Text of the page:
Clutching her parasol tighter, she was about to shout out when he suddenly turned to his right and ducked in through the square door of a public house.
Well, bloody famous.
She stared at the now closed door, the sound of a screeching fiddle and men carousing pouring through the thick oak.
Ladies weren’t supposed to enter public houses.
This would not normally have given her pause, but she’d learned in the recent days in London that the English were a strange lot. If a woman stepped out of the confines of her narrow and appropriate world, she was free game to treat with any sort of vulgar parlance or attempt at physical coercion. It had been a most interesting lesson. It was also why she had several rocks in her reticule. Still, if she entered the public house, she’d be inviting the worst sort of advances.
Drawing in a steadying breath, Cordy grabbed the door handle and yanked. She’d come far too far to be deterred now.
The sound of Irish music and the smell of sweat hit her like a brick wall as she strode in.
Instead of the immediate attention she assumed she would receive the thick crowd of men ignored her, drinking heavily from their cups. A dark haired bar wench was passing out tankard after tankard. “Right, as many drinks as ye can manage! All on the duke,” she hollered in a thick Irish accent.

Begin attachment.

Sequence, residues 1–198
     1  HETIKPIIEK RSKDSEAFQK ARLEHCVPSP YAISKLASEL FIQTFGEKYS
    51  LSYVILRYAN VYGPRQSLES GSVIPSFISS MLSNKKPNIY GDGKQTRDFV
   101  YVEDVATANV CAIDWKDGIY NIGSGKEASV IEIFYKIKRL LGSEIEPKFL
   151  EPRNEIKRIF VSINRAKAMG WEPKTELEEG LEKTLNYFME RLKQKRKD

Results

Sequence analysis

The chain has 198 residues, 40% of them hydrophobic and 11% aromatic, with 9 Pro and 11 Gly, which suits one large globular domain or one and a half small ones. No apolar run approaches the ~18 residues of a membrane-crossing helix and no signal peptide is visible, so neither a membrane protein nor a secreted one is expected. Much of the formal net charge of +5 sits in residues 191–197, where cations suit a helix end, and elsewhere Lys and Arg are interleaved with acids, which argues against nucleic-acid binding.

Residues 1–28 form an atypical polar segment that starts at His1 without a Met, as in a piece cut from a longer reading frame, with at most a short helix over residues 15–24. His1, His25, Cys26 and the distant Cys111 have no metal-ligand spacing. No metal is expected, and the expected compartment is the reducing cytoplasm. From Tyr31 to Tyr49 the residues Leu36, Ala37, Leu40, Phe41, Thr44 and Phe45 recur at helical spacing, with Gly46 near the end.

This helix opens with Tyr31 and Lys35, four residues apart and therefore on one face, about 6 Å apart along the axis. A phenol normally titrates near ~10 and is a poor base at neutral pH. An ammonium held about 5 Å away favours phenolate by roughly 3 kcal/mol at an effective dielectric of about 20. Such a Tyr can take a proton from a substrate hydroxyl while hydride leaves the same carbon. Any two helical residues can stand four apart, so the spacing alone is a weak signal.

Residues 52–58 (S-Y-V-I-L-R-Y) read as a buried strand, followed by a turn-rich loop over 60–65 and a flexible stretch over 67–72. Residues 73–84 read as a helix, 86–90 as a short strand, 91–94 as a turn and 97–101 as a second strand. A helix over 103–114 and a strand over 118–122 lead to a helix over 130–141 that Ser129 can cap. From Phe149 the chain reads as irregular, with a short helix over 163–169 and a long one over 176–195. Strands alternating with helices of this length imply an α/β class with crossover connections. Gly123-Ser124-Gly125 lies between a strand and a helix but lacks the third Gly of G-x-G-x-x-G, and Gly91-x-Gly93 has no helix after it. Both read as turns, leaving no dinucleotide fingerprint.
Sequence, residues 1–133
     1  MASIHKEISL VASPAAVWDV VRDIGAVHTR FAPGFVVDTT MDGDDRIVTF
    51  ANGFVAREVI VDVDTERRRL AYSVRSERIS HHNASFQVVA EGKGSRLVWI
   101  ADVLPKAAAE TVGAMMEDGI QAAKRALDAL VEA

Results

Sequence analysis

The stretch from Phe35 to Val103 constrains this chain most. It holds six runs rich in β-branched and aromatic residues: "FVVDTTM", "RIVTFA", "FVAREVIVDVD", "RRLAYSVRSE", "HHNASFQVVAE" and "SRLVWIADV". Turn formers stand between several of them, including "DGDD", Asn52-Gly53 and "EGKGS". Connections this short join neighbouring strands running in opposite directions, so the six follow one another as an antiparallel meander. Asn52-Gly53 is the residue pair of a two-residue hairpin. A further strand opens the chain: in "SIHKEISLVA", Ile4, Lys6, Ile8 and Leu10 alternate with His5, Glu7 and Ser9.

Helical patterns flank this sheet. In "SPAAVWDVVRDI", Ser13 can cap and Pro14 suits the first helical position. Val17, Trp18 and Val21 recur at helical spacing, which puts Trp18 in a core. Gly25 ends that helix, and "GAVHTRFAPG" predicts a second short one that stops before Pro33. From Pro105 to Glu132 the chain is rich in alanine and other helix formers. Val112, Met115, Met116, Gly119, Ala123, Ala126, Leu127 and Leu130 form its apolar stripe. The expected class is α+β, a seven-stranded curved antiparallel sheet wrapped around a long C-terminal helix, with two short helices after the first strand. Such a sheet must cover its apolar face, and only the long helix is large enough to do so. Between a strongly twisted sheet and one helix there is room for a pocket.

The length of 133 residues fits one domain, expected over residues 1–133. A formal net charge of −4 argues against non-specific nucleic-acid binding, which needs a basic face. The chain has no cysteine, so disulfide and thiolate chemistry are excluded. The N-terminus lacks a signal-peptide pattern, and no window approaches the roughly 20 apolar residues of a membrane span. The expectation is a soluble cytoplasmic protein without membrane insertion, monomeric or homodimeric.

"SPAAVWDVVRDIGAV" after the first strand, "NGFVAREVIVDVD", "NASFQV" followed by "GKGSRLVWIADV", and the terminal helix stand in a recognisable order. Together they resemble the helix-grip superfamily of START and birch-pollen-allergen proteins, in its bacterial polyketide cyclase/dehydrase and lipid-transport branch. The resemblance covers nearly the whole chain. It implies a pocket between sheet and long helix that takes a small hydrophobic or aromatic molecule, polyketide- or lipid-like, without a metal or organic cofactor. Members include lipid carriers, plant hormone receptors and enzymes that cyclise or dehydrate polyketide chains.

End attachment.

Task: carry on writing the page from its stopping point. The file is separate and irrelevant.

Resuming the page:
A resounding cheer met her words.
Cordelia didn’t know quite what to make of the duke’s gesture.
“To Ireland,” shouted one man!
“Erin Go Brah!” shouted another.
And soon a rousing tune was being played and the thick crowd was pounding their feet and tankards.
Suddenly, several men entered behind her, jostling her forward.
“Eh, love, move along,” one of them said.
Cordelia bustled forward, toward the bar, desperately trying to spot the duke but he was nowhere to be seen.
She clutched her parasol and lifted her chin. She had to find him and well, she was just going to have to inquire. Heading up to the bar, she mustered her most winning grin, the grin she used to coax donkey boys, river guides, and workers convinced that the tombs of glorified ancient Egyptian accountants were cursed. “I’m looking for the Duke of Hunt.”
The barkeep, a big hulk of a man with a swipe of fiery hair took one look at her, a quick up and down then said, “You’re not his type of petticoat, lass.”
Cordelia pulled back her chin before she could stick it too far forward, a terrible habit she’d never quite been able to break, much to the horror of her archeologically inclined Aunt Eglantine. Apparently, even she could pass for a woman of the night in such a place. “Even so, I need to see him.”
The barkeep leaned forward. “Look lass. You shouldn’t be here. This isn’t your sort of establishment. You’ll have better luck near the newer parks. Lots of wealthy gents.”